Negative-Pressure Wound Therapy
UPDATE August 13, 3:50 p.m. EDT with comment from Smith & Nephew.
Kinetic Concepts Inc. (NYSE:KCI) says it will exit any patent infringement cases involving intellectual property it licensed from Wake Forest University, after a federal judge ruled the patents invalid last year.
The San Antonio, Texas-based company also said it’s halted royalty payments to Wake Forest for the two patents, which are related to negative pressure wound therapy technology. KCI hasn’t made any payments at all to the school this year; last year it paid out $86 million to license the IP, according to a regulatory filing.
Shares of Kinetic Concepts Inc. (NYSE:KCI) are popping on Wall Street after media reports that the company may be in play for a leveraged buyout.
Kinetic Concepts Inc. (NYSE:KCI) announced that it’s German division, KCI Medizinprodukte GmbH, landed three out of four regional contracts granted by the country’s largest state insurer, the most it could be awarded under regulation.
KCI won exclusivity as a provider of negative pressure wound therapies for evaluation of diabetic foot ulcers and post-surgical wound ruptures in those areas, which cover the southeast, southwest and west regions of Germany.
The latest round in a long-running battle over negative-pressure wound therapy patents went to Smith & Nephew plc (NYSE:SNN), after a Texas judge’s ruling that some claims in a pair of Kinetic Concepts Inc. (NYSE:KCI) patents are invalid.
Judge Royal Furgeson of the U.S. District Court for Western Texas found that the claims “would have been obvious to a person of ordinary skill in the field,” according to court documents.
A German court issues a split decision in a patent infringement lawsuit between Smith & Nephew plc and Kinetic Concepts Inc. over negative-pressure wound therapy.
A German court handed down a split decision in the long-running patent battle between Smith & Nephew plc (NYSE:SNN) and Kinetic Concepts Inc. (NYSE:KCI), over negative-pressure wound therapy, ruling that one version of Smith & Nephew’s Renasys system infringes a KCI patent but clearing another model.
After recently picking up a British court victory, Kinetic Concepts Inc. (NYSE:KCI) and Smith & Nephew Group plc (NYSE:SNN) are heading back to court in October in their long-running fight over who can legally market negative-pressure wound therapies in the United Kingdom and beyond.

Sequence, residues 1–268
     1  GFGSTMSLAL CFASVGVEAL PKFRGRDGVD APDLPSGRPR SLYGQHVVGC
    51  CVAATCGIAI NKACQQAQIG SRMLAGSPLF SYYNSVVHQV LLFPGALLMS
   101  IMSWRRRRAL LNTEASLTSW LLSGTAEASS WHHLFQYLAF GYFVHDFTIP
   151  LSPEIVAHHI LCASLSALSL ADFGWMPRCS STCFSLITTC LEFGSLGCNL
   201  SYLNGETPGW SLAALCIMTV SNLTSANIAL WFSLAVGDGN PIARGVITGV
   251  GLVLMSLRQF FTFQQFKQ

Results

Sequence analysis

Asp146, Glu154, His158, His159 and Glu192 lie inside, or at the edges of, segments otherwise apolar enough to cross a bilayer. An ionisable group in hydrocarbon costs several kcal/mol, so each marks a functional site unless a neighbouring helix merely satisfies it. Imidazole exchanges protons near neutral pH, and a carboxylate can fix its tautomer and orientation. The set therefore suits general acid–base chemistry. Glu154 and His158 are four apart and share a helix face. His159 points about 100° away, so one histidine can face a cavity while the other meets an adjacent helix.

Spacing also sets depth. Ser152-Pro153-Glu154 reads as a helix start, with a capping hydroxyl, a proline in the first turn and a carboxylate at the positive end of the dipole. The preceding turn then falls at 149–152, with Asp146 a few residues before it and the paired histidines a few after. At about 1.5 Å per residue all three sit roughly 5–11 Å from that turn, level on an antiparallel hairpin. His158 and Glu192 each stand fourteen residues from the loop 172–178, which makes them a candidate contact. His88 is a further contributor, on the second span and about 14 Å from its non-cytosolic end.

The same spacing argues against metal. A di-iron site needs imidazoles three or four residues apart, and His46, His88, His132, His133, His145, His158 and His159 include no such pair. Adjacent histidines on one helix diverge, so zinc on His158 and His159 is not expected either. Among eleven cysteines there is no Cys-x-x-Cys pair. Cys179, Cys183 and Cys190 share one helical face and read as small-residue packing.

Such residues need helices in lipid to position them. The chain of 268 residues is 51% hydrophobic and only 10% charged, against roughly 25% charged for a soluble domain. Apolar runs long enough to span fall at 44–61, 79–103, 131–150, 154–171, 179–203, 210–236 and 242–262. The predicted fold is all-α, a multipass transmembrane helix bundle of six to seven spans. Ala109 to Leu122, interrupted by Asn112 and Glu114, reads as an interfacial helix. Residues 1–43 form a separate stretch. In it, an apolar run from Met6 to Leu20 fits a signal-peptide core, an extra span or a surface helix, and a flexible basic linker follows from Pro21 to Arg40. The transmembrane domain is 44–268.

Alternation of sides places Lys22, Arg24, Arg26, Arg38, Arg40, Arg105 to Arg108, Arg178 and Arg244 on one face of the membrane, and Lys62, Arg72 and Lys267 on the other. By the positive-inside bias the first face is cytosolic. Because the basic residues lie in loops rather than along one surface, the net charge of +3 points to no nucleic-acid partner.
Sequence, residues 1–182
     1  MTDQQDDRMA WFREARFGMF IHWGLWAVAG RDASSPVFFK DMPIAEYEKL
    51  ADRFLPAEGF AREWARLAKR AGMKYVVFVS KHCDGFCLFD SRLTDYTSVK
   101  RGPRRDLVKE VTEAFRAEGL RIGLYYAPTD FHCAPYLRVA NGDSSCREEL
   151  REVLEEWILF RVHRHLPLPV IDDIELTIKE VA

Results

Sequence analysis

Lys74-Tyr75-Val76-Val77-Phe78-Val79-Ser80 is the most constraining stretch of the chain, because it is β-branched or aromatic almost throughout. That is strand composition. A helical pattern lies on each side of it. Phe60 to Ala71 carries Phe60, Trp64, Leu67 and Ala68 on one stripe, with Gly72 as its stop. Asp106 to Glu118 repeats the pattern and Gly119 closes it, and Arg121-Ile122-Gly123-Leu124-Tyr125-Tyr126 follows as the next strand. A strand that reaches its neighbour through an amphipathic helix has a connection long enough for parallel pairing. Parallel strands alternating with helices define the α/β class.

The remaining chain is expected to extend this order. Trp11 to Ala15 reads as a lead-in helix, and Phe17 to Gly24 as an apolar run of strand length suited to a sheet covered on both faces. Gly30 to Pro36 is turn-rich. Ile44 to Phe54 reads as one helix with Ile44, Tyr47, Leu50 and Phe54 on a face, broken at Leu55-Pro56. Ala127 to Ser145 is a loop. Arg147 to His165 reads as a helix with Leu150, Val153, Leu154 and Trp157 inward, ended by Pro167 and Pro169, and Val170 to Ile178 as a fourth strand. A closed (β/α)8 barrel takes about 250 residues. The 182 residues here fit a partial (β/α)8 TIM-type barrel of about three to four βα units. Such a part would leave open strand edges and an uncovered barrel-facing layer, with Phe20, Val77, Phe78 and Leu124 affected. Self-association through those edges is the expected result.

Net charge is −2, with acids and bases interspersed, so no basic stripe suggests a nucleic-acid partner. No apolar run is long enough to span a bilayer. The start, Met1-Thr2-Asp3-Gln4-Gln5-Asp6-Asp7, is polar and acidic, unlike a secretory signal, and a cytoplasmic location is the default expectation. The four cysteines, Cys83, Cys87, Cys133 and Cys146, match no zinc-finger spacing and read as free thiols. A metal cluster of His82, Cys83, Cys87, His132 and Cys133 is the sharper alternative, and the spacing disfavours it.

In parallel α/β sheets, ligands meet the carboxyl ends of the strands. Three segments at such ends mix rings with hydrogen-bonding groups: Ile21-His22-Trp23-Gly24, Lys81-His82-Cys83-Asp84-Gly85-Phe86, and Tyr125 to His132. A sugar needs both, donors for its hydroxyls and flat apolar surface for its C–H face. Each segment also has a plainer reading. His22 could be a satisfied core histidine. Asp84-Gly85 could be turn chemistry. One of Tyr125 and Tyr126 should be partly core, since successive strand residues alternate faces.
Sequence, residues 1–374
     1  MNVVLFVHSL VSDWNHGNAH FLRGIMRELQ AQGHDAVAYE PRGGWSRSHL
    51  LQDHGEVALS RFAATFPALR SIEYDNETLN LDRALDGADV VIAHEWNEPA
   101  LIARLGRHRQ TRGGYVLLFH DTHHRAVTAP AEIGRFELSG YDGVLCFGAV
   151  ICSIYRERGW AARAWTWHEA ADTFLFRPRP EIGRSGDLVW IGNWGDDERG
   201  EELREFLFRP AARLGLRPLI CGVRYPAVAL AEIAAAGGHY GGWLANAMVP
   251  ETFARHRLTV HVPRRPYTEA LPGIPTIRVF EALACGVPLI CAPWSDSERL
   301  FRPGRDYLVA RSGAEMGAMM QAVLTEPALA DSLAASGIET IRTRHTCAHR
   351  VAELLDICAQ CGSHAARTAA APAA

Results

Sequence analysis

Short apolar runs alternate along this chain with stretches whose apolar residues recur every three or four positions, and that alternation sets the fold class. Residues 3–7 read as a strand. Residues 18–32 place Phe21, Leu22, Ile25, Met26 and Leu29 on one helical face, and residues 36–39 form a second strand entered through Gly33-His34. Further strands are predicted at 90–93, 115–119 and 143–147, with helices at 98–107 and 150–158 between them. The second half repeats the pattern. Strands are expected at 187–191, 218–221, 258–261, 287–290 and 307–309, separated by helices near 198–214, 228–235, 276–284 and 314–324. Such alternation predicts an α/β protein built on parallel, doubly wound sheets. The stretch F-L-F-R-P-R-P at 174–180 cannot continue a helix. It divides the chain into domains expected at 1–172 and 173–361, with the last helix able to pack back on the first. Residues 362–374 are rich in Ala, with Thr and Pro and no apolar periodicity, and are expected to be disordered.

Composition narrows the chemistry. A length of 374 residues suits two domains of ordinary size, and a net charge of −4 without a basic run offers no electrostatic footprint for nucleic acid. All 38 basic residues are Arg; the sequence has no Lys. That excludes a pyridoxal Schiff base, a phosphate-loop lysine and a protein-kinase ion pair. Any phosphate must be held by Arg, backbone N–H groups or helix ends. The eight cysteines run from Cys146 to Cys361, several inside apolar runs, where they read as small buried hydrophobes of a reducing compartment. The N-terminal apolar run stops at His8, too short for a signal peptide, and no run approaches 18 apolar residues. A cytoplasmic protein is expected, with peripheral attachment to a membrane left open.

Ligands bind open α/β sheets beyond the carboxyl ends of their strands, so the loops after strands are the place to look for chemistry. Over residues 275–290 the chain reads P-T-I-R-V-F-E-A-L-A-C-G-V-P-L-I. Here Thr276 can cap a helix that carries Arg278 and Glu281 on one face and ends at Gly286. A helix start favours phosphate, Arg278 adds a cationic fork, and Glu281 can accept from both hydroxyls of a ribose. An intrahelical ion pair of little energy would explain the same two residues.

A British court dealt Smith & Nephew plc (NYSE:SNN) a blow in its long-running patent infringement war with Kinetic Concepts Inc. (NYSE:KCI), ruling that two of Smith & Nephew’s Renasys negative-pressure wound therapy devices infringe patents owned by KCI.
The ruling, by Judge Richard Arnold of the
Kinetic Concepts Inc. (NYSE:KCI) is the first manufacturer to take up a new Food & Drug Administration program for labeling home-use medical devices.
The San Antonio, Texas-based device maker will voluntarily submit labeling to the FDA as part of the agency’s medical device Home Use Initiative, a 10-month pilot program for manufacturers to submit labeling of home-use medical devices to a central website.
Boston Scientific’s Kinetix guidewire promises more torque control: Boston Scientific Corp. (NYSE:BSX) announced new nitinol-based technology for guidewires, the small flexible wires used for control in percutaneous procedures. The Natick, Mass.-based medical device giant claims its new Kinetix guidewire boasts improved torque control and flexibility for getting around those tight corners in the left anterior descending artery. The improvements come from controlled flexibility in the sleeve itself, rather than from the center wire as with traditional spring coil design.